Financial Times: Can Technology Help Save The Amazon?

This is a reprint from a Financial Times report.

While deforestation has surged under Bolsonaro, scientists are racing to find ways to conserve the rainforest

Bryan Harris in Boa Vista, Roraima, Andres Schipani in Altamira, Pará, and Anna Gross in Tailândia,Pará

Smoke still billowed above the Amazonian canopy as Jaime Sales clambered atop a 3-metre-high stack of razed trees. “Victory,” he exclaimed, letting his shotgun drop loose and surveying the battered forest around him.
At the vanguard of a small team of armed environmental enforcers, the corporal with Pará’s environmental military police unit had ventured deep into the jungle near Altamira in the northern Brazilian state, which has been the site of persistent conflict over deforestation.

His reward was the seizure of the massive illegal timber bounty — a haul he estimated to be worth “millions” of dollars on the black market, most likely in China, the US or Europe, say experts.

“Today was a good day, but these environmental crimes never stop. There is a lot of deforestation,”he says, adding that “the pressure is now on” from loggers, crooked ranchers and wildcat gold miners.

Such successes for Brazil’s environmental authorities have been few and far between. Since the election last year of the far-right President Jair Bolsonaro, who is a keen advocate of opening up the Amazon to commercial interests, these groups have been chopping down and setting fire to trees with gusto.

Although far from a record, the trends this year have been alarming: figures released this week showed that the rate of deforestation last month was 222 per cent higher than the same month last year. By some estimates, a football field worth of forest is razed every minute.

“There has been no enforcement since the election of Bolsonaro, and now the forest is paying the price,” says one ranger with Brazil’s national park service in the western state of Acre.“Some people are burning the forest because they know no one is going to fight them.”

Mr Bolsonaro and many of his allies see the rainforest as a natural resource that should be exploited — especially in a country which still has so many people living in or near poverty. They view international concern about the Amazon as an ill-disguised effort to hold back Brazil’s development by rich countries which have already trashed much of their own natural habitats.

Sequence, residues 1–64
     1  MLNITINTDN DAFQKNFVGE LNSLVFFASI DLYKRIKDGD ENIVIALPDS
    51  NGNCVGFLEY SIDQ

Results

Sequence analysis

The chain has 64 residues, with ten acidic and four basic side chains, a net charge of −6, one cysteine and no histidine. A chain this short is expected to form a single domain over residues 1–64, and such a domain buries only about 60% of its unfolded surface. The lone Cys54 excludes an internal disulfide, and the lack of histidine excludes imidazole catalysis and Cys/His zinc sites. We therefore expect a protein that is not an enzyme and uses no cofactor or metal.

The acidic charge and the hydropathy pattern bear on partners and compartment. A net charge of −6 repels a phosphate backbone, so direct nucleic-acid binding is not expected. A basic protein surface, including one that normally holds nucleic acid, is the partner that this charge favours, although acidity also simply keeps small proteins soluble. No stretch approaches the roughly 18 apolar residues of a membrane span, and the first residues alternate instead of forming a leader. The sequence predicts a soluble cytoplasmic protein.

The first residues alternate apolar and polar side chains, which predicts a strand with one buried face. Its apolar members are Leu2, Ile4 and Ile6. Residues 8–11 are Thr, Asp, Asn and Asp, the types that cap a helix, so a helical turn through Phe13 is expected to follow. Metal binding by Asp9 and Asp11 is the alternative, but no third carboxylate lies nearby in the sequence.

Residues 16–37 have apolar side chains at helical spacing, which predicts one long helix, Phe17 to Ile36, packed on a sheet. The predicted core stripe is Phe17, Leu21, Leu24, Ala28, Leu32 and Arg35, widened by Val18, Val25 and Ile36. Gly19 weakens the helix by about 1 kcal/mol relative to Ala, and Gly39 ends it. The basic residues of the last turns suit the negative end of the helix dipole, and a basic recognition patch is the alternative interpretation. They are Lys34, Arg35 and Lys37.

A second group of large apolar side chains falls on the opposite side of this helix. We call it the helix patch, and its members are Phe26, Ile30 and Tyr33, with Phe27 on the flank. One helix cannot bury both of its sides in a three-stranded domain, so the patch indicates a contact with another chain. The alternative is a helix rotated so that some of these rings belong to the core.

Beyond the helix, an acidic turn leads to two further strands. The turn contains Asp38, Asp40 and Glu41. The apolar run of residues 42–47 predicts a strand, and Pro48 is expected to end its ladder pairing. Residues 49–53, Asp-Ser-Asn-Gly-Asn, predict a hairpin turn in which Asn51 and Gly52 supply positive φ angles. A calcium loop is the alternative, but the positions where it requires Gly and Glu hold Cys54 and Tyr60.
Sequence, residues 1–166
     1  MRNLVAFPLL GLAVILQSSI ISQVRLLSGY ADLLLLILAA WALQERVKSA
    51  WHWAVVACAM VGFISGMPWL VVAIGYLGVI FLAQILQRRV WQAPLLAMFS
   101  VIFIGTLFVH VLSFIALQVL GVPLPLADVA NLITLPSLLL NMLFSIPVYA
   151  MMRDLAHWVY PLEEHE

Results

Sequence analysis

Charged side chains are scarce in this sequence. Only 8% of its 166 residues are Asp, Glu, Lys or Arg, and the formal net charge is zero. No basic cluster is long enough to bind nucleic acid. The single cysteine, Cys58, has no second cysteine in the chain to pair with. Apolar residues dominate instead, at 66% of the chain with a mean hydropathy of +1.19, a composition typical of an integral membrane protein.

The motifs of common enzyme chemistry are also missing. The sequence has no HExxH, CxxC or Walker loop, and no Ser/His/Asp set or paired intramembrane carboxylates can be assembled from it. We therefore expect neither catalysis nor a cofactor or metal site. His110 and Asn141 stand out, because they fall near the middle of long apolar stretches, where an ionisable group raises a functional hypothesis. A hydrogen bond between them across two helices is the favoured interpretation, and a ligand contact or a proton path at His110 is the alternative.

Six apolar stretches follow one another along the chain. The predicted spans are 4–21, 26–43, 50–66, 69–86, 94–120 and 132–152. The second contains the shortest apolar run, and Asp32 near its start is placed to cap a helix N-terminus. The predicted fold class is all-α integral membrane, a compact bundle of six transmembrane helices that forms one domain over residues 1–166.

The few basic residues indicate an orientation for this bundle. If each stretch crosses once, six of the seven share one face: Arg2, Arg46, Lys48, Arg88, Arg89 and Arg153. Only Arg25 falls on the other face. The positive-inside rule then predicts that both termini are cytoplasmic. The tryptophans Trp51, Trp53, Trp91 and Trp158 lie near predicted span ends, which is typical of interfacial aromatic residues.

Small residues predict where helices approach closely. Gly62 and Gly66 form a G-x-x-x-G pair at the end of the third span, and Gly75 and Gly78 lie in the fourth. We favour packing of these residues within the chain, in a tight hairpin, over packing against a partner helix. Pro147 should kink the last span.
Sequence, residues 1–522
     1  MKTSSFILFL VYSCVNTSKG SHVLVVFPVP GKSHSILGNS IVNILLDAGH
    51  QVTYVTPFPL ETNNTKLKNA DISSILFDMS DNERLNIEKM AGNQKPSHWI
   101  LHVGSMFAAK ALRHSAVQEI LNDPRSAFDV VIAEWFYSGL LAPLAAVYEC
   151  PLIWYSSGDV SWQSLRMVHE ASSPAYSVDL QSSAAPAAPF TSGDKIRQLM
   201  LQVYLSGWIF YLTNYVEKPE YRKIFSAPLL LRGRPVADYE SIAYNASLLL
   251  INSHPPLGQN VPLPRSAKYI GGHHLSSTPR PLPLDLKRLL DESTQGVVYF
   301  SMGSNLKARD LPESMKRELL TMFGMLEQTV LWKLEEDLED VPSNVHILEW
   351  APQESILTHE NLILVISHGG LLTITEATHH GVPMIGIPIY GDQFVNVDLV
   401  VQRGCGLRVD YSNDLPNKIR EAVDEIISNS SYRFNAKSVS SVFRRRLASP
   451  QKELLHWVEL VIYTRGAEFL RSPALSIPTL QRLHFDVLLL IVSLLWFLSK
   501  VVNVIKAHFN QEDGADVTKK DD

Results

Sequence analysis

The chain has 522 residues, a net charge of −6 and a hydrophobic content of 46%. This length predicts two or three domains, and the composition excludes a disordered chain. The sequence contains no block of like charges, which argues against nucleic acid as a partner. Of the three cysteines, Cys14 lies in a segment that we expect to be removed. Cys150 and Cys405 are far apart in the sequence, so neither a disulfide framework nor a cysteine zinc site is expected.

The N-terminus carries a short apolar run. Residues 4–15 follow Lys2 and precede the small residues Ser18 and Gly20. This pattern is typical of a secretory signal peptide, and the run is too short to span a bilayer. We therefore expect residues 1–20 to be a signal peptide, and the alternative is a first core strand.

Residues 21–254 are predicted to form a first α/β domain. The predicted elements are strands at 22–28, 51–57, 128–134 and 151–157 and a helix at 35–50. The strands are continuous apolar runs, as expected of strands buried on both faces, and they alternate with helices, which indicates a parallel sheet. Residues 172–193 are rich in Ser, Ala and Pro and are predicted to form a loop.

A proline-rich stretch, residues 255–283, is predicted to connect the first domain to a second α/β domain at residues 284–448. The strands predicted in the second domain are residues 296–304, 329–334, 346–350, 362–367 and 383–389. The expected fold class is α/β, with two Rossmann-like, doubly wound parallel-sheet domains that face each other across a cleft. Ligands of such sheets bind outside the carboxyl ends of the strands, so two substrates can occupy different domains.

But the global furore over Mr Bolsonaro’s approach to the Amazon has also given oxygen to a very different view of how to manage the rainforest. It has focused attention on the disparate community of scientists, businesspeople and activists who believe that technological advances could be the key to promoting sustainable development and tackling deforestation.

For them, the key to sidelining the Amazon’s more nefarious actors is to show that the conservation of land can be both economically profitable and environmentally valuable. They see the Amazon as the world’s largest repository of biodiversity and the potential foundation of a multitrillion dollar bio-economy, if scientists have the chance to map and harness the genetic codes of its diverse wildlife.

The argument about sustainability has been running for the three decades since the fate of the Amazon last became a global issue, in the late 1980s and early 1990s. But for many of these scientists, there is a new generation of tools, from genomic sequencing to satellite-tracked reforestation, that can be harnessed to help save the Amazon, an ecosystem that underpins weather patterns across the continent

“What if we can map and sequence 100 per cent of complex life on the planet? We will unlock a gigantic amount of new innovations and new industries that we can’t even dream of imagining,” says Juan Carlos Castilla-Rubio, chairman of Brazil-based Space Time Ventures, a technology company that works on biomass, energy and water risks. “This is what we call a new bio-economy.”

The stakes are much higher now. Some scientists fear the world’s largest rainforest, which plays a vital role in absorbing carbon dioxide emissions and keeping a lid on rising global temperatures, could be approaching a “tipping point”, past which it will not have enough trees to maintain its water-recycling ecosystem.

So far, some 17 per cent of the rainforest has been razed. Until recently, scientists believed that the tipping point would arrive when 40 per cent of the Amazon had been destroyed. But Tom Lovejoy of George Mason University and Carlos Nobre at World Resources Institute-Brazil now believe the scales could start to tip when just 20-25 per cent of the rainforest has disappeared.

In an airy, open-plan office in a quiet suburb of São Paulo, Mr Castilla-Rubio has assembled some of Brazil’s brightest minds, including AI researchers, big data experts and biochemists. They are motivated by the same concern — applying new technological advances to the defence of the rainforest and other threatened areas of Brazil.

“Given the physics involved and what we see in terms of action around the world, I’m afraid there will be runaway climate change leading to catastrophes like major crop failures, water scarcity and social unrest,” says Mr Castilla-Rubio. “You can’t predict when or where it will hit the worst, but the signs are all in the same direction, which is irreversibility.”

Central to his group’s activities is the use of big data and satellites to help farmers improve the output of their land and reduce the need to expand their boundaries into protected rainforest. One such project involves using satellites to pinpoint and classify particular types of weeds, which can then be targeted in surgical strikes by herbicide-wielding autonomous drones.